01:22 JJ: Now, a point here is that sequential I/O always, always, always, always, outperforms random I/O on any hardware that you wanna run tests on. So that’s gonna be very interesting. So when we look at that and we wanna look at what’s the truth of the situation, only a small percentage of the total I/O capacity is being used at any one time. For example, if I walk into a crowded room and let’s say the room has 20-foot ceilings, and this room is packed, there’s shoulder to shoulder, and someone comes in and says, “Okay, your mission, should you choose to accept it, is to walk from this side of the room to that side of the room and not touch anybody else. This message will self destruct in five seconds.” I’m not gonna be able to pull that off, even though I’ve got 15 feet of clear air space above me, because I have to use the working space down here where everyone’s standing in that five to six feet of space. So that’s a really good analogy for when we have over-provisioned hardware, we’re looking at, hey, I’ve got these huge IOPS ratings. It doesn’t really matter. What we wanna look at is the 3% of the IOPS you are using. We can make that 3% go 30-40% faster.

02:31 JJ: The rest of it’s just a distraction. So that’s what we really wanna focus our attention on, and what happens is with those higher IOPS ratings and all that headroom is we get this false sense of security because of all of that, that rating, and what we’re really losing is the way that Windows is designed and sends data out, it really is zapping 30-40% of the throughput potential out of that hardware, and we can give that back to you. So that’s the first I/O fallacy.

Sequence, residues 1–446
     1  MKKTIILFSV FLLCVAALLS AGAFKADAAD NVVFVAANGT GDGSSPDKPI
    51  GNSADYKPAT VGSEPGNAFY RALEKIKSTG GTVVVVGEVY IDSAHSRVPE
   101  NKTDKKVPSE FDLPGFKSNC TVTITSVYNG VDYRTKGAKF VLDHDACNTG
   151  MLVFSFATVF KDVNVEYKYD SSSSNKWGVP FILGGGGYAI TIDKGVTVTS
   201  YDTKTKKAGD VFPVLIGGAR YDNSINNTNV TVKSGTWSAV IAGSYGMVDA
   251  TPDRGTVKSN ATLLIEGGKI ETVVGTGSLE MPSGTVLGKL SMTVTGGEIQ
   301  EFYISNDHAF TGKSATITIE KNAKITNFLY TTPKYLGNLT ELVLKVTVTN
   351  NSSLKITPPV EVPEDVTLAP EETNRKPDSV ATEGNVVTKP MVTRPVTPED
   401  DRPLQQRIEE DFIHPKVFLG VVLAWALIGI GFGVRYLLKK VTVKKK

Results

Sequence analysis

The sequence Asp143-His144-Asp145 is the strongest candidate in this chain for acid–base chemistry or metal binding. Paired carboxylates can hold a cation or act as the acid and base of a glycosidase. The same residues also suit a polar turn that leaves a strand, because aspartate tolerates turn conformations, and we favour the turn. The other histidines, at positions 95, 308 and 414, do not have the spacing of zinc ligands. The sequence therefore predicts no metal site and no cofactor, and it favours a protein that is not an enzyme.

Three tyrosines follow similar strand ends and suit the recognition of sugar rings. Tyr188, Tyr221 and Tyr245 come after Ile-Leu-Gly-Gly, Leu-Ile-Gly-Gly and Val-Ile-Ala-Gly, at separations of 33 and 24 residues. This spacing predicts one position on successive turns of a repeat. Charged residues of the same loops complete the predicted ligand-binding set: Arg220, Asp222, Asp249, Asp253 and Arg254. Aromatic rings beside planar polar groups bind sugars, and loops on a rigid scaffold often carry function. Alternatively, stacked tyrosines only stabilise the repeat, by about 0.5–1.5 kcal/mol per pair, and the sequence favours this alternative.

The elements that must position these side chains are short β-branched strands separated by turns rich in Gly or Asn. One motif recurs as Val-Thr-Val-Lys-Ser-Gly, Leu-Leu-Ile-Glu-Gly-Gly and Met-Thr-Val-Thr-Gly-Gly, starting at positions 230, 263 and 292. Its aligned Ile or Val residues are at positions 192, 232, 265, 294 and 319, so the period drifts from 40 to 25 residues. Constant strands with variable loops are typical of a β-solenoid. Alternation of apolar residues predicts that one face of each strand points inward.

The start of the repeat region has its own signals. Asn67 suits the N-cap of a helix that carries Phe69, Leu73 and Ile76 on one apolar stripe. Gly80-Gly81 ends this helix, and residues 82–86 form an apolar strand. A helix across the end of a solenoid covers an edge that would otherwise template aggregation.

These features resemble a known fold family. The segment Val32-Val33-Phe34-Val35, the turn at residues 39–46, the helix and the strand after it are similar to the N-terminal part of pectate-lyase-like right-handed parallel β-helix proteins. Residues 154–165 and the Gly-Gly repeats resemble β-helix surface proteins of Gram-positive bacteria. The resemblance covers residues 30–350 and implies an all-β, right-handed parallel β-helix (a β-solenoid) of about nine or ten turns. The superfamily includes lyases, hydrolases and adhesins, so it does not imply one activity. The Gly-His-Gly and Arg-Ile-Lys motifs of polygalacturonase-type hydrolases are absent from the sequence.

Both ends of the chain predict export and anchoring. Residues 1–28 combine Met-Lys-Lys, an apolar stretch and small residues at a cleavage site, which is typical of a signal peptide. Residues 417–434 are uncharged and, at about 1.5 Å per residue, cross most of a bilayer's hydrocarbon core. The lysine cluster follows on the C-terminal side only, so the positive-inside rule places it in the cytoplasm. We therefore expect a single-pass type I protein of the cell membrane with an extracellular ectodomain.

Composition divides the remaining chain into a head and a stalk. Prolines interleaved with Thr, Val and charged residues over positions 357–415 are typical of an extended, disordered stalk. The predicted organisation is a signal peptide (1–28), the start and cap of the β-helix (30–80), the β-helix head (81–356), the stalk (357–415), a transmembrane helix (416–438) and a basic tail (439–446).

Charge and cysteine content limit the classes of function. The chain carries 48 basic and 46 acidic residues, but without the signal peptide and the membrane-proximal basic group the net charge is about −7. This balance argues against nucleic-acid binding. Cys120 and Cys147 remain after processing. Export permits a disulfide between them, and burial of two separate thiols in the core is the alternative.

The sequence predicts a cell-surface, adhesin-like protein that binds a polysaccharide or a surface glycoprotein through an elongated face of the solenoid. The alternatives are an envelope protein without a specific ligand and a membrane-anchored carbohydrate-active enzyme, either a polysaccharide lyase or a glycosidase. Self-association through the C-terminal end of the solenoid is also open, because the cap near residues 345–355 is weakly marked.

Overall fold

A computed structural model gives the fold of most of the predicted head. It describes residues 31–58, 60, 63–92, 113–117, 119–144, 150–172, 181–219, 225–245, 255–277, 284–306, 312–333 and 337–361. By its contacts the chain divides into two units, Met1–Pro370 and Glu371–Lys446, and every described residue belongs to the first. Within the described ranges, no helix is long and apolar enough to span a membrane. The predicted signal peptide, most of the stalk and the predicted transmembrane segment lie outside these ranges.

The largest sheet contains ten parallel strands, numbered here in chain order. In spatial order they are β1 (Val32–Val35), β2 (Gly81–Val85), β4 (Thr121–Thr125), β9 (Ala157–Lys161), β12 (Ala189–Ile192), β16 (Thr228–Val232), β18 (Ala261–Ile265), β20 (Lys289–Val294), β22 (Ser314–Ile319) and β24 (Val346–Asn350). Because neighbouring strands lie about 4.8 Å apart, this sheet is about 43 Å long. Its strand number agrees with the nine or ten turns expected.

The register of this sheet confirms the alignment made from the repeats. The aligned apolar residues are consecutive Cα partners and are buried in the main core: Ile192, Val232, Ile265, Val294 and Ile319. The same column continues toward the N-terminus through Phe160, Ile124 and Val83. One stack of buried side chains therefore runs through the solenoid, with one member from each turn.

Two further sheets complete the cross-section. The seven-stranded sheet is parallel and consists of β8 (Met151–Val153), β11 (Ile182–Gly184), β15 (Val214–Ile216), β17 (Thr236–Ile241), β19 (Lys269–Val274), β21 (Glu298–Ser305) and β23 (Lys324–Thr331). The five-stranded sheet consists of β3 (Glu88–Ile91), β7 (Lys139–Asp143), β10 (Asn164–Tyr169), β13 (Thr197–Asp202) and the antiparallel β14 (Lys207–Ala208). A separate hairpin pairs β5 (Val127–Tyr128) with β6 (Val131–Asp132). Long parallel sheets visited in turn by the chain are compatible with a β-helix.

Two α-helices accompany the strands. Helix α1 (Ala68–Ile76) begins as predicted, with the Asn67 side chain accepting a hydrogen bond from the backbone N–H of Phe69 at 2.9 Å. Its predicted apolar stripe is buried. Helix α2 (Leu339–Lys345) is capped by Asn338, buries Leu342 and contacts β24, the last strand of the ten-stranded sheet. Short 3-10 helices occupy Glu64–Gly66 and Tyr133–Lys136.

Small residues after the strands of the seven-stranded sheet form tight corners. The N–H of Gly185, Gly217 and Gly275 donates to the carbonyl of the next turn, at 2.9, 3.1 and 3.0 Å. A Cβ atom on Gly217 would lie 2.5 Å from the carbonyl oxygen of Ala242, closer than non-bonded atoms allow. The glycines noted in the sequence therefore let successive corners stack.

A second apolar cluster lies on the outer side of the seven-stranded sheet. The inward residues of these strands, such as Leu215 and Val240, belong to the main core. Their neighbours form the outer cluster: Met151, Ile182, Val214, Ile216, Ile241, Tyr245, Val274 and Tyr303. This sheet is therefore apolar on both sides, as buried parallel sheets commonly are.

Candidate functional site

03:03 JJ: So the other thing that we wanna look at then is, what is that second IO fallacy? And that is the I/O response time fallacy. Now, this one’s really interesting. We can really get misled by I/O response time. We like to look at… Let’s take a look at the myth here. We like to look at the sub-millisecond response times on individual I/Os, and that also gives us a false sense of security because we think that faster I/O response time is better. That is not always the case, right? So let’s look at the reality, one individual, smaller I/O transfers faster than one individual larger I/O, so if you had a 4K I/O versus a 64K I/O and you time them, 64K is gonna take longer.

03:45 JJ: The other thing this doesn’t factor into play is that it doesn’t take into account the configuration of the I/O. You’d have split I/O versus contiguous I/O, you’ll also have random I/O versus sequential I/O. And all three of these factors play in significantly. So that’s what we really wanna look at. And the truth of the matter is that the individual response time of each I/O is really over-prioritized when we’re looking and analyzing what our throughput is. It’s important, yes, and having flash is a wonderful thing, but it has been over-prioritized because of this missing of what’s the nature of the I/O and the overall throughput is always gonna be slower when data is transferred with small split random I/O and it’s always gonna be faster when it’s transferred with contiguous larger sequential I/O. And we’re gonna get into here shortly exactly how velocity transforms I/O at the source within the Windows Operating System, so that we get the contiguous larger sequential I/O that gives you 30-40% faster throughput. We’re also gonna talk about how this is optimized, this optimization work is done while lowering resource consumption on a system, lowering CPU utilization, things like that, and that’s gonna be coming up in these use cases that we’re gonna jump into right now. So, Howard.

Watch the video above.